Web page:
1. For some corporate giants, a stock buyback is an effective way to reduce taxable profits, consequently taxes to be paid. Being highly profitable is great, but it also allows too much value to be captured by corporate taxes. What is more, holding on to such a cash reserve can come at a high cost. For companies like Apple with a market value of $3 trillion, dropping the dividend yield and increasing the budget for stock payback can come with enormous returns. 

Other uses for excess capital include: 

  • Paying cash dividends to shareholders; 
  • Reinvesting in the company to grow their business operations, e.g. buying new equipment or property; investing in research; 
  • Acquiring another company or business unit.

Recommended video: What are Stock Buybacks and why are they controversial?

How to make a buyback?

There are two ways companies conduct a buyback: a tender offer or through the open market. 

  1. Tender offer – a public solicitation to all shareholders that they offer their stock for sale at a specific price range during a specific time frame. Often set at a higher price per share than the company’s current stock price to incentivise selling.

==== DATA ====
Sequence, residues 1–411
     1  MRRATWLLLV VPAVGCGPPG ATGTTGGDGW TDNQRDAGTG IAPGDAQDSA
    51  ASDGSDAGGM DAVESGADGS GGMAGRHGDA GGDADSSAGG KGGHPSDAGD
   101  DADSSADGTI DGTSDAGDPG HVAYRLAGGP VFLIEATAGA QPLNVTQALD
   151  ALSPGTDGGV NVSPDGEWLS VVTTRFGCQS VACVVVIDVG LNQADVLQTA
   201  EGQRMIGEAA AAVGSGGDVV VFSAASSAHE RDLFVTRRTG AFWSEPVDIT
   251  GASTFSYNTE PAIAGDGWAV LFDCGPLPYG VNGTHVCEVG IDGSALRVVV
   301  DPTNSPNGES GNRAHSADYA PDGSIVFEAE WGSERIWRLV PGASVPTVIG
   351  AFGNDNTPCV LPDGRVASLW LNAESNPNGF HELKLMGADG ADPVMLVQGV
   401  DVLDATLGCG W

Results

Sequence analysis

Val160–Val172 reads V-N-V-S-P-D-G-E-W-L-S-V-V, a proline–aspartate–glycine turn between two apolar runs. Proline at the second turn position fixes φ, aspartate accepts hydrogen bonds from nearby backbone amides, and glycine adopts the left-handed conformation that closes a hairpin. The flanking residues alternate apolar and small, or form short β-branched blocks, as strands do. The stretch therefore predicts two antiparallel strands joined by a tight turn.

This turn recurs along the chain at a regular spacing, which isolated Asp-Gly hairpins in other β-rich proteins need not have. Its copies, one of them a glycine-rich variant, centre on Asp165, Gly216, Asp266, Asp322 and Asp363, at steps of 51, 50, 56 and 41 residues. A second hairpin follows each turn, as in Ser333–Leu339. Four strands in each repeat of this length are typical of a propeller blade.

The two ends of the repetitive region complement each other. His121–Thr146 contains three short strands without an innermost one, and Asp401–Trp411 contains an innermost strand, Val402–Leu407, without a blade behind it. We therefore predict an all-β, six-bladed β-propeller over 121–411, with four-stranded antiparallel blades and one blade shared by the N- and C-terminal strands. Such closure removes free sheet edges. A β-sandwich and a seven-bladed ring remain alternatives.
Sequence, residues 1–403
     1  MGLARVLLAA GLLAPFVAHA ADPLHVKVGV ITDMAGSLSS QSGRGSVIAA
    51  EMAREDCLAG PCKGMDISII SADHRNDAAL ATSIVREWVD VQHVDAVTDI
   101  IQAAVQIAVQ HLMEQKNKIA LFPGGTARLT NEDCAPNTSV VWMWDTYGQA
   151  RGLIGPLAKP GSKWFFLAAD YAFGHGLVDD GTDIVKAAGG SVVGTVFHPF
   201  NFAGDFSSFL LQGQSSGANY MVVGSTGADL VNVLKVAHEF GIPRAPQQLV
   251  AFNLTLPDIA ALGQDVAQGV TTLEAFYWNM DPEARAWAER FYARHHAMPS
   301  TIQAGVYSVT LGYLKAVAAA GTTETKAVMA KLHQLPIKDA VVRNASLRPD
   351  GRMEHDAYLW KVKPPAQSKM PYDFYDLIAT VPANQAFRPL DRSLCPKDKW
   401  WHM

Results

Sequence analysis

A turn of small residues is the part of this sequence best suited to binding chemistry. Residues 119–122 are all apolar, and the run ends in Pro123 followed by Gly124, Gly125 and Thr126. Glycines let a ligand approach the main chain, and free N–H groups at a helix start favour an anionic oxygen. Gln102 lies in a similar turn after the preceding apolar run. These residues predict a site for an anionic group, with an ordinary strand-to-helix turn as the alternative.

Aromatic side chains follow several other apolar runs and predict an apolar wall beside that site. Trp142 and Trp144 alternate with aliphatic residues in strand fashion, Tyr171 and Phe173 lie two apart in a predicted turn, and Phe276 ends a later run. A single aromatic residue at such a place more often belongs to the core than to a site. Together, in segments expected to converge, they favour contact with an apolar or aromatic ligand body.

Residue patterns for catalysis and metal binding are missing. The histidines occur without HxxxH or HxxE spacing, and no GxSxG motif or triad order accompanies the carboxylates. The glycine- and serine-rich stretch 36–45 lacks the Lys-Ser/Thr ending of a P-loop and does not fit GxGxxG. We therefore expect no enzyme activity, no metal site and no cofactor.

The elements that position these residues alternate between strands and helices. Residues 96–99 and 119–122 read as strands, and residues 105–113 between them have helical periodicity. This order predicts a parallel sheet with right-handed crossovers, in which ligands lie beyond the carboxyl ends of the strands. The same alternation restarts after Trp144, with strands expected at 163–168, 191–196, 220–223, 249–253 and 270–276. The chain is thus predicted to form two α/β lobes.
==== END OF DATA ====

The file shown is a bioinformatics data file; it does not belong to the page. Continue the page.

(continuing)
1. Open market – buying shares at market value on the open market, though prices can often soar up after the announcement since this is seen as a positive indicator. 

How is stock buyback beneficial for investors?

Unlike cash dividends, stock buybacks do not offer an immediate, direct benefit to shareholders. However, investors do benefit from a company’s stock repurchase as the goal/outcome is generally to raise the company’s stock value. As fewer shares circulate on the market, the more a share is worth.